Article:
However, yesterday was court day. Here is what Amie, Ayn's mom wrote. "Today the Ministry presented another gradual return plan. This one is 13 weeks in length. There is a tentative visitation schedule set up with Derek starting next week. I am emotionally and physically drained. Woke up, went to court, set up an appointment with parenting after separation, had a lengthy conversation with Derek, cleaned my house, walked my dog, and am now just back from work. It is looking as though my access to Ayn will be marginalized as Derek will begin access. Ayn is being moved from the city I moved to to be close to her, from one foster home to another to be closer to Derek. I'm doing my best to process that. I'm not commenting any more tonight."
Amie and Derek are divorced. They remain friends. Derek has been the primary caregiver to their three children, two of whom are autistic. I have met him, and I regard him as a good and careful father. Amie respects Derek's parenting and is fully supportive of his roll as primary and custodial caregiving parent. When Ayn was first apprehended, she was isolated from her family for many weeks. From the moment that Ayn was removed, Derek insisted that when visitation was permissible he could not and should not visit her because it would devastate her to have him turn around and leave her. Amie has maintained faithful visitation and enjoyed valuable time with her daughter.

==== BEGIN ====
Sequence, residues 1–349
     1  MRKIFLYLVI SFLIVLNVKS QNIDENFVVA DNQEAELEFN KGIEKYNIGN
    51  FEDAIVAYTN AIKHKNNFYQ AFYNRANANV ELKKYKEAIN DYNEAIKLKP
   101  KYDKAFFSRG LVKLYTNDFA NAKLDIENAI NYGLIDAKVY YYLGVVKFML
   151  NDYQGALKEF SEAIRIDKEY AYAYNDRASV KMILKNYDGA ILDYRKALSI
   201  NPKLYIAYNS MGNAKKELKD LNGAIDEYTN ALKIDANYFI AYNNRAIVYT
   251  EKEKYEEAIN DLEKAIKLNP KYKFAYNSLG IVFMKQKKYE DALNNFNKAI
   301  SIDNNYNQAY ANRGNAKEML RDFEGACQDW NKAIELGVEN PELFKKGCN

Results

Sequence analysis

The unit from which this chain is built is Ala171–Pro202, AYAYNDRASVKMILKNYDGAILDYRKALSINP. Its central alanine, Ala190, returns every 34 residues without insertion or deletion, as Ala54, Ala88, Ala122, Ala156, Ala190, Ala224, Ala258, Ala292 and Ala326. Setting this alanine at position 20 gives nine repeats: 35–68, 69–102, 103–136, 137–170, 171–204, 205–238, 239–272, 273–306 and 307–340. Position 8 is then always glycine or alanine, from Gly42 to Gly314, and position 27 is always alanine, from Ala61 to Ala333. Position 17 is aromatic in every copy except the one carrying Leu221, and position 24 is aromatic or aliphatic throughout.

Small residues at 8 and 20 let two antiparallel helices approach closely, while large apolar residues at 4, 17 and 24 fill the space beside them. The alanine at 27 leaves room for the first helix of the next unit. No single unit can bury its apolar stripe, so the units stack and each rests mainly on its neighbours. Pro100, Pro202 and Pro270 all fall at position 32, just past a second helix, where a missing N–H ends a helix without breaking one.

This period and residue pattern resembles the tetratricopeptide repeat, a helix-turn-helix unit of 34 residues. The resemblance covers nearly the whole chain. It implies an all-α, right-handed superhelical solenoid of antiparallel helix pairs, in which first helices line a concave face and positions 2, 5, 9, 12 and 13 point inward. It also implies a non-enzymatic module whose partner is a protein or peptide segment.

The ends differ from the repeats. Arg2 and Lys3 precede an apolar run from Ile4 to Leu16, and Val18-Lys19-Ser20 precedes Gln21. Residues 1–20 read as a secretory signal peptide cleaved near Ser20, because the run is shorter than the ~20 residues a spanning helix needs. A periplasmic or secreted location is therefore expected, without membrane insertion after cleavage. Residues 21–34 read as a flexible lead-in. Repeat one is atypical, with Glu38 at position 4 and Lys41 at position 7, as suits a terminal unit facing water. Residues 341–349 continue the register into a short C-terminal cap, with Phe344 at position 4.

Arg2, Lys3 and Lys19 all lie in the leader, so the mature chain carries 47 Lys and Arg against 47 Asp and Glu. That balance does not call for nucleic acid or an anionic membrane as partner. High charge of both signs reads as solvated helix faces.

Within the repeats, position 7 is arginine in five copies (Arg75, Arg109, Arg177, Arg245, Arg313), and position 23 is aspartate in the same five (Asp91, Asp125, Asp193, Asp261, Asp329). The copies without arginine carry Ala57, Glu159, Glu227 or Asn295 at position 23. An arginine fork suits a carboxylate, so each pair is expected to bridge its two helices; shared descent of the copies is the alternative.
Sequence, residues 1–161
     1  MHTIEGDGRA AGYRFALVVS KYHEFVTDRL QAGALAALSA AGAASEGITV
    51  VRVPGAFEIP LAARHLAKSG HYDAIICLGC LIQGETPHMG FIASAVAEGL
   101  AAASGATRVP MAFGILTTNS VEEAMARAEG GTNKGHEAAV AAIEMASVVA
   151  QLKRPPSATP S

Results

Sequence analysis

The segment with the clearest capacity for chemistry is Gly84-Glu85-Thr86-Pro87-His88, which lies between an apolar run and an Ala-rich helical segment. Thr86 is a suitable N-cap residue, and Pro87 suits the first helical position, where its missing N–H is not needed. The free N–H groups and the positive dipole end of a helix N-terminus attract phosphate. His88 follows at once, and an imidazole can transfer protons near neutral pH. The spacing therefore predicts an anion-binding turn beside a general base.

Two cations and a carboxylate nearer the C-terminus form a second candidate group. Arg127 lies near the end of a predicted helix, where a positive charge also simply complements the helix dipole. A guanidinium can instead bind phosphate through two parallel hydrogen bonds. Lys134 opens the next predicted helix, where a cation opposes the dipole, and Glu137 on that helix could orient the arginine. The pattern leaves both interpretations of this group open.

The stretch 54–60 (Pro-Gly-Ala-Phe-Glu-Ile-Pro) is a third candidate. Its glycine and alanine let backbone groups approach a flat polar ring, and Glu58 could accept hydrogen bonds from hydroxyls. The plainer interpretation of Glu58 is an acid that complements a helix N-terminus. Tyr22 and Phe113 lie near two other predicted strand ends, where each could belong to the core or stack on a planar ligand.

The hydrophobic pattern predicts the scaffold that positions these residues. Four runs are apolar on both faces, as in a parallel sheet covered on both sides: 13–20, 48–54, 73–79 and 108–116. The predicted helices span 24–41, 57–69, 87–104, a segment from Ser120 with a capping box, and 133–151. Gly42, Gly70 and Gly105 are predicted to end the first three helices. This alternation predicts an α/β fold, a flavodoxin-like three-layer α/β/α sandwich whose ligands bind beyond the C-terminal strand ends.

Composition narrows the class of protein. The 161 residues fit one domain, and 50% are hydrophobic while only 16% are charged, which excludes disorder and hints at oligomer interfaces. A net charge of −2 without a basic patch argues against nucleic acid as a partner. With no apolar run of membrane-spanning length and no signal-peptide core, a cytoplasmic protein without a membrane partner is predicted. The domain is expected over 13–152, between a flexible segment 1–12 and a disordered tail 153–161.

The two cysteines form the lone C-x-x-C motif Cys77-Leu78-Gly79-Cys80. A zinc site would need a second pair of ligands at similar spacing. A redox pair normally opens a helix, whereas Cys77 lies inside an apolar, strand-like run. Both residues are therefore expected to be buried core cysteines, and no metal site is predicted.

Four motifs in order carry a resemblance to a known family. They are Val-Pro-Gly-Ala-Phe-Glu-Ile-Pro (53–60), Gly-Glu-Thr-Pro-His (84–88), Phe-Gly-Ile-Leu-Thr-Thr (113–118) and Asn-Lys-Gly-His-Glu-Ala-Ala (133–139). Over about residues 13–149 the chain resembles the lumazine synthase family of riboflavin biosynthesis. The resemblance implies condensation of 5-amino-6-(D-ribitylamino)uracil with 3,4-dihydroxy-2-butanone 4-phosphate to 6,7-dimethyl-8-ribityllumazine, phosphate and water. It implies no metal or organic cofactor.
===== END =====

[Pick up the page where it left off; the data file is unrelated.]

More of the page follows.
I wrote back to her, "As I write, some of your friends have already shown their support to you. All of us as well are processing what you say without the advantage of the details. Based upon what you say Amie, and please forgive me if my comments turn out to be ill-informed, I have a couple of thoughts. The toll upon your heart, mind and body is understandable. Your activities and the time taken to think about the Ministry plan and the court decisions seems advisable and good before you say much more. I am speculating that Derek has concluded that if he ever hopes to have a suitable end to this mess, he has had to change his mind about visiting Ayn and has agreed to it. Personally, I see this as a good thing for both he and Ayn, but that’s simply my opinion. Of course, only time will tell whether Derek was right, and that his coming and then leaving sends her into a panic. I am trusting that it is instead, a step toward healing and resolution. I am sorry that the changes affect the frequency and the convenience for your own visits with Ayn. All of us appreciate that you have made a commendable effort to spend time with your daughter and show her your love and commitment. I am sure that Derek has been glad for your involvement in Ayn’s life through these many months. Ayn’s relocation, while problematic for you personally, is reasonable if it facilitates Derek’s visitation, that is, if I can assume that he is being regarded as Ayn’s primary and custodial caregiver once she is returned. Of course once the return does happen, she will reside that considerable distance from your present residence and you will have to work with that. I regret that the relocation requires dear Ayn to adjust once more to brand new foster people and a different home and room and neighbourhood. That may be disturbing to an already manipulated child whose brief life has been shattered with this horrendous two-year absence from family. And thirteen more weeks is simply further salt in a wound that these bureaucratic simpletons fail to comprehend. I am hoping with my whole heart that MCFD will honour this plan with her actual return to all of you at the beginning of October. There is hope Amie. There is light at the end of this. Don’t give up."